j here seem to think you are the terri
tory and entitled to everything. I ask
: you what are we to get. Fairbanks
! has never got anything. You want
| to centralize everything down around
i this little wart of a place that isn't
even in the territory."
There were cries of questions from
all overthe hall, as Shoup attempted
to gain the floor. The Speaker rec
ognized the gentleman from Sitka.
"I say to you gentlemen from the
Second. Third and Fourth Divisions,
that Juneau's claim to the capital is
founded on sound reasoning and the
facts will bear me out. Juneau is
the most centrally located spot in all
Alaska.
It doesn't make any difference in
what part of the Territory one lives
in. he mvst pass through the city of
Juneau to reach it. It doesn't mat
ter whether he travels in winter or
summer. The man from Nome in or
der to reach either of these points in
the summer time must also pass
through Juneau. So, if destined for
the States during the winter he must
pass through Juneau. So, 1 say the
point so far as central location is
concerned is all in favor of Juneau.
I will not take issue with you gen
tlemen on the other advantages that
have been pointed out but it seems
to me I heard some wails of poverty
f-om those sections of inexhaustible
millions when the eight-hour bill was
under consideration." Here he was
interrupted by cries of question, ques
tion.?but Mr. Shoup had attempted
to read a resolution asking that the
First Division be cut off from the bal-1
ance of Alaska. It was hurriedly done)
while the other members were un
mercifully grilling the claims of Ju
neau.
Col. Ingersoll, the representative
bate had declared that he was willing
from Ketchikan who early in the de
to move the capital to Ketchikan,
managed to squeeze in a few words in
favor of the position taken by Mr.
Shoup, but he was called to order as
having used his time.
Representative Aldrich. of Nome,
said that he heartily endorsed every
word that had been said by his col
league from Nome and by the gen
tleman from the Fourth.
The vote on the final passage of
the memorial was called for. Aldrich
answered "No.". Then as the roll
was called down the line, Boyle,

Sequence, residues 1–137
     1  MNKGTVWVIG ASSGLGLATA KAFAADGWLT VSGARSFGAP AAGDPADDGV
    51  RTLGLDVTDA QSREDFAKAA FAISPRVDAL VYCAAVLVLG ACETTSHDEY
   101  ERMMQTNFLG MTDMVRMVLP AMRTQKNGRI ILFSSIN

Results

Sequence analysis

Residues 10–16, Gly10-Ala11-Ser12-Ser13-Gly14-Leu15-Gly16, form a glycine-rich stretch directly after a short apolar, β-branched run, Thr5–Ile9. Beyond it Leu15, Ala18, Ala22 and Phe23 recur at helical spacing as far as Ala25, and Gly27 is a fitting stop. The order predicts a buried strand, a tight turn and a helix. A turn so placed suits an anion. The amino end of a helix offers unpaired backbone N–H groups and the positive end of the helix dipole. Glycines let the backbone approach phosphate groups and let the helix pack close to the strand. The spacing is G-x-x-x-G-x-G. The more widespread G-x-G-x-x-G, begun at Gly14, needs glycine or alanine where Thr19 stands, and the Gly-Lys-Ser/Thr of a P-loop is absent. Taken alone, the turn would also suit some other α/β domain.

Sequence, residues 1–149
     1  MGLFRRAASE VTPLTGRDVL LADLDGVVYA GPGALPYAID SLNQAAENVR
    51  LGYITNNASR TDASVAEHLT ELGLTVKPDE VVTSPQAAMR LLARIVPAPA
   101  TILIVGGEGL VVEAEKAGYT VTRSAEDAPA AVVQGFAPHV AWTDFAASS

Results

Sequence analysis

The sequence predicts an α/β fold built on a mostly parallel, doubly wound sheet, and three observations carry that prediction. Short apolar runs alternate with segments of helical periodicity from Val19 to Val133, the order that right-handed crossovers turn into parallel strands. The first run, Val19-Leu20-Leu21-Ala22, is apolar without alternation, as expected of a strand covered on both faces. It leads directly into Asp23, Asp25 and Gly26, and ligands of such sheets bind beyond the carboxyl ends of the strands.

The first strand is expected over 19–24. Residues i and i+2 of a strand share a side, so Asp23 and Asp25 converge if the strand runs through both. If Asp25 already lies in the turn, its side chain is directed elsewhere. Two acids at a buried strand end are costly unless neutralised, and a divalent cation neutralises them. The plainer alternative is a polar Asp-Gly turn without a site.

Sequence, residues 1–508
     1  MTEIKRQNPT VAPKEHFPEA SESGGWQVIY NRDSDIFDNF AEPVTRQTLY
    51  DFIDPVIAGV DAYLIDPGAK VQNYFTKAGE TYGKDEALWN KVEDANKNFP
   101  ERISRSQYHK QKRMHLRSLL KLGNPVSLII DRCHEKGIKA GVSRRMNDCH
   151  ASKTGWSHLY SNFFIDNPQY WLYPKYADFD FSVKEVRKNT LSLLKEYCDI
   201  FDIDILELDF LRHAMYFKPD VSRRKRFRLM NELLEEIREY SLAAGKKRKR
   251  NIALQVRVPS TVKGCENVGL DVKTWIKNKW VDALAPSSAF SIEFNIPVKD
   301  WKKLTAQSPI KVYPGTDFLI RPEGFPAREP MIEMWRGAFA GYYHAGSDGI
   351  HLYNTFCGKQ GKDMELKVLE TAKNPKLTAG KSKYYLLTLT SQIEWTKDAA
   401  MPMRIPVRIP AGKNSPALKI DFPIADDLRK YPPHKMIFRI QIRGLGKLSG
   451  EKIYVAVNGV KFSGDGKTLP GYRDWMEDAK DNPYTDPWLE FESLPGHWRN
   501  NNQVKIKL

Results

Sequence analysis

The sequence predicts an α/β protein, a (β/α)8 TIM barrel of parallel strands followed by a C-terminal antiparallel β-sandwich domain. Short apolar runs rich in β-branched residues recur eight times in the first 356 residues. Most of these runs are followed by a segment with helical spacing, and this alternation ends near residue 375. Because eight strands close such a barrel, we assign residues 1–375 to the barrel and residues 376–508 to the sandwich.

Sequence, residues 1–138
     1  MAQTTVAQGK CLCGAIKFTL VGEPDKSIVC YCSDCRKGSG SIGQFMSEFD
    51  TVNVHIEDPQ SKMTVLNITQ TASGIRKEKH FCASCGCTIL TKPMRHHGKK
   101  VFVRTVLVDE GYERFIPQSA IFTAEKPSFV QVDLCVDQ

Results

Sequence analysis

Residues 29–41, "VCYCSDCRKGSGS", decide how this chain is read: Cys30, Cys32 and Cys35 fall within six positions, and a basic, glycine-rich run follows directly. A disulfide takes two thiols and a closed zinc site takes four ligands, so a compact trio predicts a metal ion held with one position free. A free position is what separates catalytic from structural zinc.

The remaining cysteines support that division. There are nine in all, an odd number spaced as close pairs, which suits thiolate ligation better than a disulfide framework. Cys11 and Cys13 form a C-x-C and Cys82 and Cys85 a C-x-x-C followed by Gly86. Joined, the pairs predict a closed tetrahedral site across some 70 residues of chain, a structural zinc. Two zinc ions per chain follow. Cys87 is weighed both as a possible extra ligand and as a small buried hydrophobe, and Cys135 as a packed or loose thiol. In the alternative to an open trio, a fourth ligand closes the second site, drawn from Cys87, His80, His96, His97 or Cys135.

Driscoll, GafTney, Ingram. Ingersoll,
and all the opponents answered in
the affirmative?Shoup's face was a
study. Just before the vote was an
nounced Aldrich asked permission to
change his vote. "Well," said Shoup,
"you got a rise out of me all right,
but I got your votes, and I'm satis
fied."
The Objection.
"What is your objection to this new
! five cent coin?"
"They didn't go far enough and
make it sufficiently funny to give you
the satisfactionof a laugh."
A truly accomplished fault-finder is
never Introspective.
A complete line of iobacco 1ars and
pipe racks at BURFORDS.
QUIMBY'S STORY Of
TORNOW'S DEATH
Giles Quiraby, the Chehalis County
deputy sheriff, who killed John Tor,
now. the wild maniac of the Olym
pics who had assassinated seven or
eight men during the course of his
murderous career of a year and a
half, tells this story of the battle in
which the outlaw lost his life, but not
until the lutter had killed two men:
"We found the carcass of an elk
about 4 o'clock in the afternoon and
later discovered the trail leading to
where the kill killing occurred. As
we were making otr way through the
woods 1 cautioned the men to be
more careful and 1 swung out to one
side. We went carefully through the
woods and a few minutes later dis
covered tracks in the snow. We fol
lowed the tracks and made our way
along, coming suddenly upon a small
cabin In a clearing. I was 50 to 75
feet away from Blair and Lathrop
farther around to approach it from'
and when 1 saw the cabin 1 swung
'the rear. Just as I gained about 101
yards I heard the crack of a gun and i
jumped behind a tree, and as I did I j
i saw Blair stagger and fall and im-|
mediately saw Turnow shoot from!
behind a small hemlock at Lathrop,'
who also fell in his tracks.
Never Had a Chance.
"Turnow was not more than six j
i feet from the men and they never had !
|a chance for their lives, all shots;
| being fired too close together. Tur-1
; now began to shoot at the bodies as i
they lay on the ground. l>athrop was j
I evidently killed instantly, dui uiair
squirmed until he was shot to death. J
All this time 1 was firing at Turnow
every time he stuck his head from
behind the tree to fire at the dead
I men, and the last shot 1 fired seemed
to have struck him as his head sank
on his breast and he fell from sight.
: 1 thought this might be a ruse to get
i me from cover and just then the dogs
I ran to the spot and began baying. I
waited behind the tree with my gun
covering the spot for 10 minuets, then